Wednesday, February 3, 2010

Amsterdam it all, part one

In my past travels I have always been the designated planner; it has always fallen on me to book the train and the hostel, research the sights and round up the participants. This is due, in part, to the fact that I'm good at handling such details and motivated to put in the work to ensure a good trip. My friends are happy to let me handle things. It's also due to the rather embarrassing fact that I'm slightly obsessive and would likely be unwilling to surrender control and allow them to handle things even if they wanted do. When a few grads here approached me and pitched a last-minute weekend road trip to Amsterdam, with rental car and hostel already taken care of, I was wary but, after brief reflection, willing.

Things went wrong from the get-go. A graduate lunch at NYU lasted longer than we expected, and problems on the RER-B line meant that it took us several trains longer than usual to get out to the airport and the rental car place (Murphey's law of the metro, as witnessed with several exams last semester: if you ever actually *need* to get somewhere on time, the metro *will* be broken). Once we finally got the car and got on the road it was around 5pm. We made it through a little bit of commuter traffic around Paris and up through Northern France, and had just passed the Belgian border when...BAM. Our rear passenger-side tire blew out.

At first it seemed as if things would be okay. Lindsey's boyfriend Pat knew how to change a tire, so he got to work with the jack and the lug nuts and had that sucker ready to pop off in no time. Unfortunately, it wouldn't. We tracked down the owner's manual for help--a picture in the manual showed using a bar to lever the tire off. Although our tire didn't match the one in the image, we found a place to lodge the bar and lever. Much to our dismay the bar gave out before the tire. It began to snow. I made the first call to roadside assistance, giving our license number, rental agreement and cell phone to the Belgian branch of Hertz's insurance call-line. After waiting an hour we called again, only to find out that Hertz had no record of our original call. We were on the phone with them a third time when the repair man finally pulled up behind us, almost a full three hours after we had pulled over.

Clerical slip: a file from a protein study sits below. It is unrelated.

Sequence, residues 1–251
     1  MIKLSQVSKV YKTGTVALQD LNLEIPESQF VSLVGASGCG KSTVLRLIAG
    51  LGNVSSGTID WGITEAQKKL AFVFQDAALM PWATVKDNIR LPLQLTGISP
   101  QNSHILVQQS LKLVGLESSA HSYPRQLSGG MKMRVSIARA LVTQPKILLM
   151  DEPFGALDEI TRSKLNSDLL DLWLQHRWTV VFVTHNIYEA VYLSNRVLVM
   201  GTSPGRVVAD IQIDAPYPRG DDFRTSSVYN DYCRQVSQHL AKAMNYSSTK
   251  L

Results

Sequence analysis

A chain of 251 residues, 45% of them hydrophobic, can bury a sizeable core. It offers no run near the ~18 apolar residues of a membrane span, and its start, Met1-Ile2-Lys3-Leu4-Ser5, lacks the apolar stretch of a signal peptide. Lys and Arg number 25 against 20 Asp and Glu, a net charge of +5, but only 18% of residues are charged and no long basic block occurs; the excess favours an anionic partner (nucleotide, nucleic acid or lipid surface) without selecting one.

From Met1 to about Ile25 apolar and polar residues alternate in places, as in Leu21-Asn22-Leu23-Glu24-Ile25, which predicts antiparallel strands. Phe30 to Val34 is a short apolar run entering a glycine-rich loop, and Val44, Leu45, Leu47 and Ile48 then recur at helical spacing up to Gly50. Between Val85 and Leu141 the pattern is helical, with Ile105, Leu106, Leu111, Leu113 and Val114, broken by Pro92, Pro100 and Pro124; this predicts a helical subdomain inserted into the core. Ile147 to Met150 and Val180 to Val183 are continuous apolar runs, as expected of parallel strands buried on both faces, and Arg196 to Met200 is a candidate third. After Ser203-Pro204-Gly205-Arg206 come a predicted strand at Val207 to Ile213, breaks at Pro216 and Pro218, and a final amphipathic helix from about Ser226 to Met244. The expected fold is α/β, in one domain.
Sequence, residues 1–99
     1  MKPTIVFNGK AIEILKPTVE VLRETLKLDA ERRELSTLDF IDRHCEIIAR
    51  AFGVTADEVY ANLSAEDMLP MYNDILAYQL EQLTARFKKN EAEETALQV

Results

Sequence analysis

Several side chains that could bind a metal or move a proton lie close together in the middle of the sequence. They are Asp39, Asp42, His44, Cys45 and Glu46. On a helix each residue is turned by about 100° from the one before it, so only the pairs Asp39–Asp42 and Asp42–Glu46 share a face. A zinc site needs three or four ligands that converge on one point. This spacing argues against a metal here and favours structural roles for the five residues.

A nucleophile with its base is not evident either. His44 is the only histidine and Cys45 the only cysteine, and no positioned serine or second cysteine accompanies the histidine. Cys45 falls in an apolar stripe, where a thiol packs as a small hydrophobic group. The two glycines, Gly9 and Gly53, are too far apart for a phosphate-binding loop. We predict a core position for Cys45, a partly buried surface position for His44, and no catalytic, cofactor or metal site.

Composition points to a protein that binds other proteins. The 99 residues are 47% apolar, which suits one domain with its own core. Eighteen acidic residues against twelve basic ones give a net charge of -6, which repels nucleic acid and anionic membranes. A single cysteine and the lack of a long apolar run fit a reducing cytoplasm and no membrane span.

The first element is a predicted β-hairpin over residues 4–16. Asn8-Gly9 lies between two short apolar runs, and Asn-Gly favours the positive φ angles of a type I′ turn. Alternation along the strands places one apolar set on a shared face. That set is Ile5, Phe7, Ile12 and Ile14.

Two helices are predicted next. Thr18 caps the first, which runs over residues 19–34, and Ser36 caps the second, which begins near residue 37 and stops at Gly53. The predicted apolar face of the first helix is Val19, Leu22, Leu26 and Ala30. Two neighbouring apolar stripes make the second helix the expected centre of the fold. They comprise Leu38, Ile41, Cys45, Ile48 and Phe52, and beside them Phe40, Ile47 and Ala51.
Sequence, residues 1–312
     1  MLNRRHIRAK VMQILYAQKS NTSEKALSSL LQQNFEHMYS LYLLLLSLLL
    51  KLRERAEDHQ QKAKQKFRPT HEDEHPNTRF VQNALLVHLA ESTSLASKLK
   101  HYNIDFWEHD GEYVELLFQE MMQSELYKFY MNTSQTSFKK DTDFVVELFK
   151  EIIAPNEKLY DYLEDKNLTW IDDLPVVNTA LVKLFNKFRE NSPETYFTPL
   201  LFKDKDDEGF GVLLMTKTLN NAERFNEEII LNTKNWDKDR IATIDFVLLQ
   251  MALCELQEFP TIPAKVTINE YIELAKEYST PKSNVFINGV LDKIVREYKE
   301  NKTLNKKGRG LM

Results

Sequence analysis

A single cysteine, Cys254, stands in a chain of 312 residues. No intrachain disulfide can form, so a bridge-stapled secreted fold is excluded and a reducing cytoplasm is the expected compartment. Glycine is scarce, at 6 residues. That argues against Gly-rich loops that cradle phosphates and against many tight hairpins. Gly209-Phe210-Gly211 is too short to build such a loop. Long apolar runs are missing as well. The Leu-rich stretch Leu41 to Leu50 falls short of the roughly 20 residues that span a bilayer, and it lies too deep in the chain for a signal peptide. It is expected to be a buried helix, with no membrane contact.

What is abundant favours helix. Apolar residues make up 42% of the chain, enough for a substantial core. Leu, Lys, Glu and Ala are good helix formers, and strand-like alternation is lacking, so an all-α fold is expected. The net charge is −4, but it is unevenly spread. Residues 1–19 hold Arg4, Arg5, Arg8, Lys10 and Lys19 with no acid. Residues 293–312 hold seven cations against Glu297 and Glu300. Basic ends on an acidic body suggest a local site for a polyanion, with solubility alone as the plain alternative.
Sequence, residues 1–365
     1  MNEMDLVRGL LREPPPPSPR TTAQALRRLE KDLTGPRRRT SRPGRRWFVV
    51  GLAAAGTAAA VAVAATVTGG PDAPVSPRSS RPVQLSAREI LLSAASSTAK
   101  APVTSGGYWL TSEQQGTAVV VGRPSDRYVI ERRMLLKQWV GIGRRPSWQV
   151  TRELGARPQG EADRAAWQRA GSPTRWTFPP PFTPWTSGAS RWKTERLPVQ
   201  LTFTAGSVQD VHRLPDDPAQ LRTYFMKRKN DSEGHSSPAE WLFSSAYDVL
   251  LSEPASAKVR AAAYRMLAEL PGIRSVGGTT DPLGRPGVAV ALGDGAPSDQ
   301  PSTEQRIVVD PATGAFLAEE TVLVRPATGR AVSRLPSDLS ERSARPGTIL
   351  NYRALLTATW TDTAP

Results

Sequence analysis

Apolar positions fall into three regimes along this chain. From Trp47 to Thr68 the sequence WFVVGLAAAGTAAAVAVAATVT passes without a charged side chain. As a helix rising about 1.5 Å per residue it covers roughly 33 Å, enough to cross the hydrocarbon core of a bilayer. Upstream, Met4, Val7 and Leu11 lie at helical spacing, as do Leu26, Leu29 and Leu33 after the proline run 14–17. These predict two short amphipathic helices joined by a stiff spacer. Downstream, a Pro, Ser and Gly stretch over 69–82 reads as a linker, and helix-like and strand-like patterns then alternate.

After using a sledgehammer to knock off the obstinate tire the man fixed the "doughnut" temporary tire in place and left us in the snowy dark to figure things out, telling us to go no faster than 80km and no further than 30 km/h. We pulled into a reststop 5km up the road, where I began the first in a series of frustrating phone calls with Hertz. No, there was no way to repair the tire until the following afternoon. No, there was no way to get a replacement car without returning to Paris. No, there was no way to get a refund on a car once a contract had been started. No, they couldn't tell me what to do about being far from our destination and already-paid hotel; I needed to talk to customer service. No, the customer service office would not reopen until Monday. No, we can't guarantee you'll be reimbursed for a hotel unless you're in France and the car is out of service. "We're 5 km over the border. We can come back to France. We *want* to come back to France; we're in the Femish part of Belgium and don't speak Dutch. What's your definition of 'out of service'? Where exactly do you expect us to get with a doughnut tire in a snowstorm?"

In the end we returned to Lille (a city in Nothern France) where my angry insistence scored us three free hotel rooms (one for Phinn, who was ill, one "couple" room for Lindsey and Pat, and a double twin room for James and I) and a pretty deluxe complimentary breakfast. We rolled in a little after midnight, trekked through deserted (but fairly picturesque) streets to the only diner-esque restaurant still open, and feasted on eggs and beer as we made fun of the hickish regional French accent. Under heavy pressure, Hertz had promised to call me at 8am the next morning to work things out with the car. I gave them a half hour to redeem themselves, then called at 8:30. "I'm sorry, but we don't have a record of your car even existing in our database. Are you sure you have the license plate number right?" I'm sure. I have it memorized by now. If you don't have it, does that mean I can keep the car? "Oh. One moment please. *pause* Yes, I found your file. You can go to the central train station to pick up a replacement car."

Half way to the train station Hertz called back. "Hi, we're calling back from last night to tell you that you can pick up a replacement car at the airport. Get there before noon. No, what you were told is wrong, there are no available vehicles of that size (apparently a five-person car is huge by European standards) at that location." Cue exit by a rather under-the-weather Phinn, who finally said "j'en ai marre!" (I've had enough of this crap!) and caught a TGV back to Paris. At the airport: "I told them that a car wouldn't be ready until after 5! Oh, and you owe us money for the tire; you were at fault." Cue me gearing up to really bust some balls. "Oh, you're right, you did buy insurance. Oh, we do have a car. Here are the keys. Have a nice trip."

This sign pretty much summed up the way we felt about Lille when we finally left, down one person, about half a day and several hours of sleep, and got back on the autoroute towards the Netherlands.

(stay tuned for part two....)

1 comment:

  1. I really hope Holland treated you better... If all else fails, you could always visit a coffee shop and forget about it ;)